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Diary of a wimpy kid by Jeff Kinney

Cover Diary of a wimpy kid by Jeff Kinney

Very short synopsis:

Illustrated diary of a middle school kid, describing his life at school and at home.


inanutshell 

I read it in: German (Gregs Tagebuch)

I liked it: Yes

My thoughts:

I can’t praise this book enough. If you have a school child who HATES reading and so far has never picked up a book voluntarily, try this one! We didn’t listen to the advice of the book sellers at our trusted comic shop (this book is not a comic, though) and discarded their suggestion of that very book because we thought it had too many pages, was too intimidating etc. However, a few weeks later our non-reader came along and told us that he wanted exactly this book. With pleasure, son! He read it in five evenings (224 pages), a miracle. He even copied a paragraph out of the book to take it to school and read to his friends, because I didn’t allow him to take the book. Voluntary writing – another first.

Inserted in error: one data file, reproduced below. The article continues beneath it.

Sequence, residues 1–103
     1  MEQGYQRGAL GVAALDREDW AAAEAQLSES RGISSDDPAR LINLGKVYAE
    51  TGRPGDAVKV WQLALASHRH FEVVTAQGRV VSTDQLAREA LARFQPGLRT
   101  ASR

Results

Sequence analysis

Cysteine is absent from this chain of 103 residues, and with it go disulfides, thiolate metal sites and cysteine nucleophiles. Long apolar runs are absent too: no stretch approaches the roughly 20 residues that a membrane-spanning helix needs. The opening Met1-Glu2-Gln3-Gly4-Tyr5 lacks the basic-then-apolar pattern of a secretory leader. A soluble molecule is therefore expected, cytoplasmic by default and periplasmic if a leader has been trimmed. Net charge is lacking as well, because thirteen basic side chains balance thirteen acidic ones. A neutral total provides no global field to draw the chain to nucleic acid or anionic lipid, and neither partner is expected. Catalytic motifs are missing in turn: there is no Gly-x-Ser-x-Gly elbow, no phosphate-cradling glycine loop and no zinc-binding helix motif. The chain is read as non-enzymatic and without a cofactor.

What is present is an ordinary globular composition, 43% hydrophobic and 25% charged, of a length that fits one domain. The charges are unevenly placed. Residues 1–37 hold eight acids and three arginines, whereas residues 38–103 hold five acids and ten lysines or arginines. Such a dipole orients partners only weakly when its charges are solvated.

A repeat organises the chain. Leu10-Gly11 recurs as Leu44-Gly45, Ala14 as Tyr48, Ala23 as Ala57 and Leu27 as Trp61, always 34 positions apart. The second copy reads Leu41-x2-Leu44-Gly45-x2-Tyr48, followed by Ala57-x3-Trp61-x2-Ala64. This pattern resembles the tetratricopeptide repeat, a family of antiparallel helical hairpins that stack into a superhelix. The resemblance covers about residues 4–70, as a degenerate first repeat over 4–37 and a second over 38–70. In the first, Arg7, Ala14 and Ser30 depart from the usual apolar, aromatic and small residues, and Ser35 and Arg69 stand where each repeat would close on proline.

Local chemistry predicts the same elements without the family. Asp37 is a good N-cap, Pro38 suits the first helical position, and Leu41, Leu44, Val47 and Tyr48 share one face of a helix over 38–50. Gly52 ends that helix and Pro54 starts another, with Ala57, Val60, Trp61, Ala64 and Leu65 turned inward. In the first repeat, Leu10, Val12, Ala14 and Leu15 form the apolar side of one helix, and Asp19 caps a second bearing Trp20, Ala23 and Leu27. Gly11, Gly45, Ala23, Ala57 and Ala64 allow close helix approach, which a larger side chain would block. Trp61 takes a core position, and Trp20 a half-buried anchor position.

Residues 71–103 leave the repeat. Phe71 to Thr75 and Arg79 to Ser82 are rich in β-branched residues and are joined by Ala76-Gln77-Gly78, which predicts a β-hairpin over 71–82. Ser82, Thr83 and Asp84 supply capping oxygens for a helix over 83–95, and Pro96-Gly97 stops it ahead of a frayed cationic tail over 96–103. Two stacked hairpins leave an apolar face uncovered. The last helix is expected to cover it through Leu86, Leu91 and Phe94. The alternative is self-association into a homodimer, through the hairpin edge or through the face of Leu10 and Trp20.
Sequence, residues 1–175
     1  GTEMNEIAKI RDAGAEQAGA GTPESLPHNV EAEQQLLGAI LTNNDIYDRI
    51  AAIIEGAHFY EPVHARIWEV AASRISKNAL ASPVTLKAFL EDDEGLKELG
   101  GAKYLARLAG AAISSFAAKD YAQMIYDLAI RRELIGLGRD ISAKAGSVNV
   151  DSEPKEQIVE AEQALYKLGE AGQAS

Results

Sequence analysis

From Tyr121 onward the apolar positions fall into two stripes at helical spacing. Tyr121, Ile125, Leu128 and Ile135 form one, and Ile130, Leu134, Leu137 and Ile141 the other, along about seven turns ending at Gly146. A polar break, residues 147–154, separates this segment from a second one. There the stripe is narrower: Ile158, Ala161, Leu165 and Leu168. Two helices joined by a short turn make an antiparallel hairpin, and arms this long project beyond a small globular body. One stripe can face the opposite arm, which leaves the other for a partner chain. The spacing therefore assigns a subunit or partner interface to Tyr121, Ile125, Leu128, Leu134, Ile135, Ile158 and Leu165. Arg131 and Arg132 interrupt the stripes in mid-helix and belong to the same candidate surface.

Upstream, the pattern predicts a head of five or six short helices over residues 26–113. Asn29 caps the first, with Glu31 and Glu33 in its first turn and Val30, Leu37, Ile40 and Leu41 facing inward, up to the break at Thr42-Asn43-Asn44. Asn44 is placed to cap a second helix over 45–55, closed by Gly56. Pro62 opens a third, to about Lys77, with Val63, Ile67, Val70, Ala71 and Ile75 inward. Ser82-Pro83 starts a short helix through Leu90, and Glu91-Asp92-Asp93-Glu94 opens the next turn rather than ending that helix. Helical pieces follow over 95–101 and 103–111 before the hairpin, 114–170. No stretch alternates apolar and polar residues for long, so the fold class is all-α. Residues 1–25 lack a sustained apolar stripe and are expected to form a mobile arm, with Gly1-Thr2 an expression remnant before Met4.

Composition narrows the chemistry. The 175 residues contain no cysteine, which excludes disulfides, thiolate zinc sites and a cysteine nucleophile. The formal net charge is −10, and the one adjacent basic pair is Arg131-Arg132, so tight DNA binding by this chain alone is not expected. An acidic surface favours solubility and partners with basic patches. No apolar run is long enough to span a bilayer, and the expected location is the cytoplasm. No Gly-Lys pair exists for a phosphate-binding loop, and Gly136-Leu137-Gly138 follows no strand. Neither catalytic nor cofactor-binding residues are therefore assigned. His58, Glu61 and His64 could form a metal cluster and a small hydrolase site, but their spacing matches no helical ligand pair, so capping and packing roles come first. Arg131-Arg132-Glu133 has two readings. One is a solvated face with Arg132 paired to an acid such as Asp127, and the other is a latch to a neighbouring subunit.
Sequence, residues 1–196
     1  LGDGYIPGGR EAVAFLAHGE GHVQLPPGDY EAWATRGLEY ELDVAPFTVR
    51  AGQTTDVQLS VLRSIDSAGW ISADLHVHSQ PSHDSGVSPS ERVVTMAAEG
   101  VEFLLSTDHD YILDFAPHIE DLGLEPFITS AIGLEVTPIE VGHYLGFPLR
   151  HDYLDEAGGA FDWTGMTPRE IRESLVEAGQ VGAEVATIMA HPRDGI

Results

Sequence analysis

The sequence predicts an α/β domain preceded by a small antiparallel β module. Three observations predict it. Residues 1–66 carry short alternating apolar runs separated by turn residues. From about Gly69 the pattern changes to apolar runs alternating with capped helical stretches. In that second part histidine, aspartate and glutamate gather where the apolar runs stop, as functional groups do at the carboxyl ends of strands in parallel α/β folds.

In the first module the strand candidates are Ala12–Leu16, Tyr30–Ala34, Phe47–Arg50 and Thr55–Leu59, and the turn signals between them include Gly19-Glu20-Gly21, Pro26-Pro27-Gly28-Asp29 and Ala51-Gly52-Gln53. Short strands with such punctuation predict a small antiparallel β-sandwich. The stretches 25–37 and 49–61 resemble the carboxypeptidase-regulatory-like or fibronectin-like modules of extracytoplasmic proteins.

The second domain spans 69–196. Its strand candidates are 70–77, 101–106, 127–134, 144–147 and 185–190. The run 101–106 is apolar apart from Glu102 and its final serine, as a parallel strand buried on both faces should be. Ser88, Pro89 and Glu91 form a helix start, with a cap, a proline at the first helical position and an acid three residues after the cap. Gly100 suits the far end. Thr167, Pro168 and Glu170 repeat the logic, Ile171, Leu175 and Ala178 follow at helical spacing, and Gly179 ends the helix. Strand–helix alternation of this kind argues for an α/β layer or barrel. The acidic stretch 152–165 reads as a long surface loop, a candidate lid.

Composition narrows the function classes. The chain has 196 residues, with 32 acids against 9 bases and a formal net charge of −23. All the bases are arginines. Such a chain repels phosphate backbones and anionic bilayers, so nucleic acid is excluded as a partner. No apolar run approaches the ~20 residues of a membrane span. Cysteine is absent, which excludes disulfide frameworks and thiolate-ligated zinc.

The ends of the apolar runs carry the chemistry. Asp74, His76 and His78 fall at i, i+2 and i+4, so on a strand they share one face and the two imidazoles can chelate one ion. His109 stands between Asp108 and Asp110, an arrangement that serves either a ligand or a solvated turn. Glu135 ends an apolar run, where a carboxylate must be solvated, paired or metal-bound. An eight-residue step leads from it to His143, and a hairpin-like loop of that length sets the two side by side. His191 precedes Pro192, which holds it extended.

We had ordered the sequel at the same time and he started reading right afterwards.

As the book was also on my TBR list I read it after him and totally enjoyed it. There are a few situations where I cried with laughter. Oh, the things Greg and his mate get up to! It’s just too funny!

If you need a good laugh, even as an adult, get this book!


Product info and buy link :
Title Diary of a wimpy kid
Author Jeff Kinney
Publisher Puffin Books
ISBN 9780141324906
I got this book from I bought it
Buy link Buy Diary of a wimpy kid

If you click on the buy link above you will be taken to The Book Depository.co.uk. If you buy the book through this link I will earn a small commission. You can find my general affiliate links to The Book Depository, Amazon.co.uk and Amazon.com here.

Have you read this book? What did you think of it? I would love to hear other opinions.